Agathocles may not be remembered by most people today, but he has been recognized by historians across the centuries. Most notably the 16 th century politician and historian Machiavelli wrote about Agathocles in his political treatise The Prince. He describes Agathocles as an example of a leader who gains their power by committing crimes.

Machiavelli believed Agathocles was a criminal throughout all stages of his life and that he became king of Sicily despite coming from a very low position in society. He believed Agathocles became infamous during his lifetime and that he was extremely talented which allowed him to progress beyond what his social status should rightfully have been as the son of a potter.

His closing thoughts on the talents and life of Agathocles were that his success as a tyrant was because he was capable of committing ruthless acts quickly, and whenever necessary, but without dwelling on them or committing crimes that were unnecessary for cementing his power.

He was a man who was capable of being ruthless when it was called for, but at the same time he was not the despotic ruler we would think of when we picture a tyrant. His reign over Syracuse was a surprisingly peaceful time in the city’s history and he was able to undertake a number of building projects which helped to improve the lives of his subjects.

By the more morally colored definitions laid out by Aristotle and Plato, he was not a tyrant. He did not rule only for himself; he had his subjects in mind. He was ambitious, and he certainly wanted more power for himself, but it is arguable that all of the things he did for more power were also for the greater good of Syracuse, and Sicily as a whole.

Fortifications of ancient Syracuse. (John McLinden / CC BY-SA 2.0)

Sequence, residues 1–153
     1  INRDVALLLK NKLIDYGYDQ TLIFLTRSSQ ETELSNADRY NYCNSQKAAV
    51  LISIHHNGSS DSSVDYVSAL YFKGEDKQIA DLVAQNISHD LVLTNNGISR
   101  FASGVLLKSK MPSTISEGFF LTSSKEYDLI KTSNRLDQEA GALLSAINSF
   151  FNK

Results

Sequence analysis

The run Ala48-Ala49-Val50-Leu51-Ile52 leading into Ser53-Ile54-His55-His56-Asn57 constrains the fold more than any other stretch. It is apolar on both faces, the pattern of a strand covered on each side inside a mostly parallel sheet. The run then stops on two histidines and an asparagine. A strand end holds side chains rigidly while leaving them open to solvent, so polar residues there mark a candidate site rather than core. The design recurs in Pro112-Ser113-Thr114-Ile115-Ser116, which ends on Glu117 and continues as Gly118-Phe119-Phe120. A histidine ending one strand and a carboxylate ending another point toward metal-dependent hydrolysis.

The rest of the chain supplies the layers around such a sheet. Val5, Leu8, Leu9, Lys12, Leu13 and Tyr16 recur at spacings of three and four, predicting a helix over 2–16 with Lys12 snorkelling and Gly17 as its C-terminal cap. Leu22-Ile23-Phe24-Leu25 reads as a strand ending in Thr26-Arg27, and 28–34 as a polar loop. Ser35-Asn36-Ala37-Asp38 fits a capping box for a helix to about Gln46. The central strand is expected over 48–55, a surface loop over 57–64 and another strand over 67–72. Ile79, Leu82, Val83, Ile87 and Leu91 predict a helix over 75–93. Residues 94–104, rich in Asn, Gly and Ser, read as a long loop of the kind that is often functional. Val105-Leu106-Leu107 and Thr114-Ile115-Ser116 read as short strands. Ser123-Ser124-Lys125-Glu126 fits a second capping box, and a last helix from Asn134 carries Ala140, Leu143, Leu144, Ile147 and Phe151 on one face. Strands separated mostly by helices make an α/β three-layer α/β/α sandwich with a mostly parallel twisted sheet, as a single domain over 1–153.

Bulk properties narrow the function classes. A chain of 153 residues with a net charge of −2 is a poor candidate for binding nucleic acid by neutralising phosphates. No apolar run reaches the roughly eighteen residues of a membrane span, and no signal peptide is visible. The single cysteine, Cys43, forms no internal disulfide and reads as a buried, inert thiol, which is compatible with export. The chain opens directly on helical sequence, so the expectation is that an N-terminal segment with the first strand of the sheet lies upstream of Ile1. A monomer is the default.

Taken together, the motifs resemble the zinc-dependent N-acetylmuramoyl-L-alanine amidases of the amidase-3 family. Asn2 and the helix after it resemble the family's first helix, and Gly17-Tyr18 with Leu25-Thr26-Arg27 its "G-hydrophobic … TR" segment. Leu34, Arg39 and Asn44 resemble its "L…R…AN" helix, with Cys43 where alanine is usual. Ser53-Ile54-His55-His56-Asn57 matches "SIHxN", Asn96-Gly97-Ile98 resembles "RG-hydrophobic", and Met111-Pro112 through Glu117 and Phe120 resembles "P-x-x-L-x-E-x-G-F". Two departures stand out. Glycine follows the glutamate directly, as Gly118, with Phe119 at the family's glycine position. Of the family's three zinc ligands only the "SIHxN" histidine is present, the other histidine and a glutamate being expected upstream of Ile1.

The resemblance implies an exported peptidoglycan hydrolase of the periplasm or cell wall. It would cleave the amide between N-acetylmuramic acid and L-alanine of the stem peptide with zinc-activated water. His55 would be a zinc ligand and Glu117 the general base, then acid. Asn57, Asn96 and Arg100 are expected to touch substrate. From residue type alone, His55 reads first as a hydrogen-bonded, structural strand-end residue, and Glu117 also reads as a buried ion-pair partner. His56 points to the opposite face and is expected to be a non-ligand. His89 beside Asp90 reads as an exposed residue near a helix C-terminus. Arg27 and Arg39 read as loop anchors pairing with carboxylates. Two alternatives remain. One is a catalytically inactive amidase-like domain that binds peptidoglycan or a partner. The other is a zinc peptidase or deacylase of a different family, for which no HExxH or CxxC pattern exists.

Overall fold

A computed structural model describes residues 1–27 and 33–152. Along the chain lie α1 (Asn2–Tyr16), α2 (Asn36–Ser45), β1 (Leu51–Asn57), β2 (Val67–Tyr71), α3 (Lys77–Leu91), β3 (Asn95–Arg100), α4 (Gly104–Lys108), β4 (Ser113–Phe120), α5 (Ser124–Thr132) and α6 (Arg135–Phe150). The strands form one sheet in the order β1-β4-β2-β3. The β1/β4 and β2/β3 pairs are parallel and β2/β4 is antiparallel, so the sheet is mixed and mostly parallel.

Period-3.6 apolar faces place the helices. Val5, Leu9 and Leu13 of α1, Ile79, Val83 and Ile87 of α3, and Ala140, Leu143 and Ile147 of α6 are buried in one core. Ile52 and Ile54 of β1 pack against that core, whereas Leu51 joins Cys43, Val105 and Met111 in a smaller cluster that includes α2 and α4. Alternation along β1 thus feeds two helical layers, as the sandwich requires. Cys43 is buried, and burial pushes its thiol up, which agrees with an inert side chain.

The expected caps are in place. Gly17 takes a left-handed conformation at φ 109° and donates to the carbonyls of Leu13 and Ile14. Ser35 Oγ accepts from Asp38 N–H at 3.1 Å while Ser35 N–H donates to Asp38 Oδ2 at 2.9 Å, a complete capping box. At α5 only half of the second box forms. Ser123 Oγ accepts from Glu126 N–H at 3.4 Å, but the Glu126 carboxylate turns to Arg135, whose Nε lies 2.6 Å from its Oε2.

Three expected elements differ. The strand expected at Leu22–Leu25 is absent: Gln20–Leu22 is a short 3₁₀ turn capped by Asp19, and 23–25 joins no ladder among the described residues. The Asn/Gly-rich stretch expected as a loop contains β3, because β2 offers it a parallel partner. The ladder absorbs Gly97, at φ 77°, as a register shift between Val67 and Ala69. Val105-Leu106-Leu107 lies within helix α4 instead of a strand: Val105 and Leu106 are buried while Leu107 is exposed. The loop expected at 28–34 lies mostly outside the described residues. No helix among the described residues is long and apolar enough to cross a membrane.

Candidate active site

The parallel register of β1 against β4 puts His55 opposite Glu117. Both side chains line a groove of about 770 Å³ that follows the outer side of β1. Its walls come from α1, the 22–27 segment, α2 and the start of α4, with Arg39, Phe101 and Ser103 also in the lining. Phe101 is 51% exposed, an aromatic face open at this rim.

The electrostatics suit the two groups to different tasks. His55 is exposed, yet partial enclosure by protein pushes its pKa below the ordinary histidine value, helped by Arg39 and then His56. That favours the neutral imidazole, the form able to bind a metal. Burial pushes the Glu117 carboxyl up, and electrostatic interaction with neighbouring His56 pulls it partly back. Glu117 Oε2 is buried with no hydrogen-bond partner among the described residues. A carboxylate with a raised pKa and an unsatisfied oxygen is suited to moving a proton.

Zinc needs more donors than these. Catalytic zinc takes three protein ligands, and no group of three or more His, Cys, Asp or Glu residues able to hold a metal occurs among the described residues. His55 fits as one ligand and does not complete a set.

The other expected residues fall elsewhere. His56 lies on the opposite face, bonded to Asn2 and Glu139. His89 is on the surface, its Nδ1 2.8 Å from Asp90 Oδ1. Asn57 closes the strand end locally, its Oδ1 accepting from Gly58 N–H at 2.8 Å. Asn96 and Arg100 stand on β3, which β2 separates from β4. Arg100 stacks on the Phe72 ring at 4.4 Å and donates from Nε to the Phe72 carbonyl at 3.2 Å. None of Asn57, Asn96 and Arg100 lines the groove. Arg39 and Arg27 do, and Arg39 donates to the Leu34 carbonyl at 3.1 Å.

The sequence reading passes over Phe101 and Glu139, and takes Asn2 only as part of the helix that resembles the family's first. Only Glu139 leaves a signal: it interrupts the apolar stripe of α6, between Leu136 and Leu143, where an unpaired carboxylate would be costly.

Fortifications of ancient Syracuse. (John McLinden / CC BY-SA 2.0)

He may have killed those who opposed removing the oligarchy from power, but he was popular, and he won the hearts of the Syracusan people. Many of the people in Syracuse, and Sicily as a whole, were unsatisfied by the way the ruling elite of the oligarchy were running the island.

They were not upset or concerned by Agathocles’ actions; they were happy to see the ruling elite overthrown. It is also true that defending Sicily from Carthaginian invasion was more than a power grab, as it meant that Carthage turned their attention away from Sicily during his rule and this doubtlessly saved the lives of thousands of his subjects.

His decision to revert Syracuse back to a democracy after his death was probably also made for the greater good of the city. There was no clear leader to take his place and the power vacuum he left would have caused a great deal of unrest in the city.

Unfortunately, this also meant the lifetime of work he had spent keeping Carthage at bay after he removed the oligarchy was undone. With no strong militaristic leader to take his place, Carthage once again saw Sicily as ripe for the picking, and the island was under Carthaginian rule soon after his death.

Top image: Agathocles of Syracuse; warrior, ruler, tyrant. Source: Fotokvadrat / Adobe Stock.

By Sarah P Young


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Hugh, C. 1911. Agathocles. [Online] Available at:
Pritchett, W. 1974. The Greek State At War. University of California Press.

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Sarah P

Sarah P Young is undertaking her masters in archaeology, specializing in early human behavior and in particular evidence of interaction between humans and Neanderthals. She hopes to continue her studies further and complete a doctorate.